(D) The value of the electromotive force in a body, as arising from the motion of the body in the field, the alteration of the field itself, and the variation of electric potential from one part of the field to another.
(E) The relation between electric displacement, and the electromotive force which produces it.
(F) The relation between an electric current, and the electromotive force which produces it.
(G) The relation between the amount of free electricity at any point, and the electric displacements in the neighbourhood.
(H) The relation between the increase or diminution of free electricity and the electric currents in the neighbourhood.
There are twenty of these equations in all, involving twenty variable quantities.
(19) I then express in terms of these quantities the intrinsic energy of the Electromagnetic Field as depending partly on its magnetic and partly on its electric polarization at every point. From this I determine the mechanical force acting, 1st, on a moveable conductor carrying an electric current; 2ndly, on a magnetic pole; 3rdly, on an electrified body.
The last result, namely, the mechanical force acting on an electrified body, gives rise to an independent method of electrical measurement founded on its electrostatic effects. The relation between the units employed in the two methods is shewn to depend on what I have called the "electric elasticity" of the medium, and to be a velocity, which has been experimentally determined by MM. Weber and Kohlrausch.
I then shew how to calculate the electrostatic capacity of a condenser, and the specific inductive capacity of a dielectric. The case of a condenser composed of parallel layers of substances of different electric resistances and inductive capacities is next examined, and it is shewn that the phenomenon called electric absorption will generally occur, that is, the condenser, when suddenly discharged, will after a short time shew signs of a residual charge.
(20) The general equations are next applied to the case of a magnetic disturbance propagated through a nonconducting field, and it is shewn that the only disturbances which can be so propagated are those which are transverse to the direction of propagation, and that the velocity of propagation is the velocity v, found from experiments such as those of Weber, which expresses the number of electrostatic units of electricity which are contained in one electromagnetic unit.
This velocity is so nearly that of light, that it seems we have strong reason to conclude that light itself (including radiant heat, and other radiations if any) is an electromagnetic disturbance in the form of waves propagated through the electromagnetic field according to electromagnetic laws. If so, the agreement between the elasticity of the medium as calculated from the rapid alternations of luminous vibrations, and as found by the slow processes of electrical experiments, shews how perfect and regular the elastic properties of the medium must be when not encumbered with any matter denser than air. If the same character of the elasticity is retained in dense transparent bodies, it appears that the square ofthe index of refraction is equal to the product ofthe specific dielectric capacity and the specific magnetic capacity. Conducting media are shewn to absorb such radiations rapidly, and therefore to be generally opaque.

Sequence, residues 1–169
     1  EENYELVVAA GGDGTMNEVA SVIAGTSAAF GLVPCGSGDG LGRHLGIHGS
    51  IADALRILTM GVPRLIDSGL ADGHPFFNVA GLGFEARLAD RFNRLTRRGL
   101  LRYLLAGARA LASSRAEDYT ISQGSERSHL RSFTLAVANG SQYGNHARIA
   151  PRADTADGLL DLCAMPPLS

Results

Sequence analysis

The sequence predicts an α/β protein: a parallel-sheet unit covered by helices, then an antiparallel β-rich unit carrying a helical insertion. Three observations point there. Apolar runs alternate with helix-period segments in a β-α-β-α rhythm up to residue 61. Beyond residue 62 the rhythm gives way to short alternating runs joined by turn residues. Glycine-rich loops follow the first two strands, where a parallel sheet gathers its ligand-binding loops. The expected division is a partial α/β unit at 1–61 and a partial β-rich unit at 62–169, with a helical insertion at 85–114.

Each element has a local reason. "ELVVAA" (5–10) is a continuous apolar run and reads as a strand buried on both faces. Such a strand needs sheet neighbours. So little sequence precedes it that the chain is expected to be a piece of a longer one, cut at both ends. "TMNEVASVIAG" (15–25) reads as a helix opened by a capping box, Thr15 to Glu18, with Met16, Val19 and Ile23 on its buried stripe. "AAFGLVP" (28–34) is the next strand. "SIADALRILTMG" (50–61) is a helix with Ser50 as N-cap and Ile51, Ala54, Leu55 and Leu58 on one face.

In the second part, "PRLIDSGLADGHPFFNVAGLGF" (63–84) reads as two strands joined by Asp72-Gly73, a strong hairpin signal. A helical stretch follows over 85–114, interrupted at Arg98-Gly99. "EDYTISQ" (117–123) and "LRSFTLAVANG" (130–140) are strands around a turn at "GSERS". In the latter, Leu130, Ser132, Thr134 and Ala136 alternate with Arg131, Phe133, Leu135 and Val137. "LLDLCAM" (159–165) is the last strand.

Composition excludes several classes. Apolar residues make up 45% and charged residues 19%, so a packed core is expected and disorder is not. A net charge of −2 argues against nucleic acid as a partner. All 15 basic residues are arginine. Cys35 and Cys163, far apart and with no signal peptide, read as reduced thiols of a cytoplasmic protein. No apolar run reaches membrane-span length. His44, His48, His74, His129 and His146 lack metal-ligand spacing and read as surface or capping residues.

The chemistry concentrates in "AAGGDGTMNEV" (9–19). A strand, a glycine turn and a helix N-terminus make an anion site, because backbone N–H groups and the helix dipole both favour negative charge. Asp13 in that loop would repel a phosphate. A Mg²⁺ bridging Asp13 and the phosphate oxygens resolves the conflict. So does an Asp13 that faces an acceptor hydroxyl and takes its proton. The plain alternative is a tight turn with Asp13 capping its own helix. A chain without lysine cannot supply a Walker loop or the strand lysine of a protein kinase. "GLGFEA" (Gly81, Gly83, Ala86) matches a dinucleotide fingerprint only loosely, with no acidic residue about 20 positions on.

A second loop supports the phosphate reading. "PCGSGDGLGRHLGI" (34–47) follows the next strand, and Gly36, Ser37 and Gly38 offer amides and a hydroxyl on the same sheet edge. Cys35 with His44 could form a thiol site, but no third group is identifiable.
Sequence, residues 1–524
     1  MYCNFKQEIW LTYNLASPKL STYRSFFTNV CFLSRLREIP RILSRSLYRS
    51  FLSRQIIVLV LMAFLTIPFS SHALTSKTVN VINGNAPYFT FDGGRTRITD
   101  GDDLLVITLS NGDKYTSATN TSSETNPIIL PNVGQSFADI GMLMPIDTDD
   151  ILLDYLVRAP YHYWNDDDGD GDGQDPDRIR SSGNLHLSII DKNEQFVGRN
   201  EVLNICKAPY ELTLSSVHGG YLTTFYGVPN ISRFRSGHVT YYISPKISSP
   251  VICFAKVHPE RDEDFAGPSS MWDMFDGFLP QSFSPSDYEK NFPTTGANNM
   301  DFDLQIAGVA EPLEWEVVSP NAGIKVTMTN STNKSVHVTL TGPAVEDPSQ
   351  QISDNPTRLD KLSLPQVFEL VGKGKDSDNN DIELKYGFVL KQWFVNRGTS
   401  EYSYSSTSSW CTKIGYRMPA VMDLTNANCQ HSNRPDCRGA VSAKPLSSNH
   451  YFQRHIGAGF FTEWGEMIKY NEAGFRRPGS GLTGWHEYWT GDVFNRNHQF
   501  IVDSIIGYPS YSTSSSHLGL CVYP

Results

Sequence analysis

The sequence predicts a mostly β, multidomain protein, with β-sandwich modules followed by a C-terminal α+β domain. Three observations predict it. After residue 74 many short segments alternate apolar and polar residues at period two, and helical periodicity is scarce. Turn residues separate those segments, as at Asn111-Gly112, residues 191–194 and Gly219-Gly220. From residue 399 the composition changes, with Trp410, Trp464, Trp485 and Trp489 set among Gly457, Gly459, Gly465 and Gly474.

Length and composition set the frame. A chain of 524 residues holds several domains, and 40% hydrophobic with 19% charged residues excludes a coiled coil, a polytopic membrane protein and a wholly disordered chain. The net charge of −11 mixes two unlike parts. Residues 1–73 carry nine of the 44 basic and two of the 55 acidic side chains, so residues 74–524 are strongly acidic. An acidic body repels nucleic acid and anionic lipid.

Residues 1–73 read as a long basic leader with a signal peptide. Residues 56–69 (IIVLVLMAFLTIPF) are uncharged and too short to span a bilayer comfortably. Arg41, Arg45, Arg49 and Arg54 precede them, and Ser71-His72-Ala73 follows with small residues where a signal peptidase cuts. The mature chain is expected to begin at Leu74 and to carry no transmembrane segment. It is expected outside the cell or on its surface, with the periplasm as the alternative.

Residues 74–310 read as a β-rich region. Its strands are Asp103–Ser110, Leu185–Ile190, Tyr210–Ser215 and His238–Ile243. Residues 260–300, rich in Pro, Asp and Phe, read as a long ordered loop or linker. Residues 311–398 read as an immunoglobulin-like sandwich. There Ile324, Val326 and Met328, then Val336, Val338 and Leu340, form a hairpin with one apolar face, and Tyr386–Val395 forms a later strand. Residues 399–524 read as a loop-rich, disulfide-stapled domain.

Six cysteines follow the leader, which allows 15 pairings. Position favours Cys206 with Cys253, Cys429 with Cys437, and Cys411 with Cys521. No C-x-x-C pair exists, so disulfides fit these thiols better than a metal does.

The conception of the propagation of transverse magnetic disturbances to the exclusion of normal ones is distinctly set forth by Professor Faraday in his "Thoughts on Ray Vibrations." The electromagnetic theory of light, as proposed by him, is the same in substance as that which I have begun to develop in this paper, except that in 1846 there were no data to calculate the velocity of propagation.
(21) The general equations are then applied to the calculation of the coefficients of mutual induction of two circular currents and the coefficient of self-induction in a coil. The want of uniformity of the current in the different parts of the section of a wire at the commencement of the current is investigated, I believe for the first time, and the consequent correction of the coefficient of self-induction is found.
These results are applied to the calculation of the self-induction of the coil used in the experiments of the Committee of the British Association on Standards of Electric Resistance, and the value compared with that deduced from the experiments.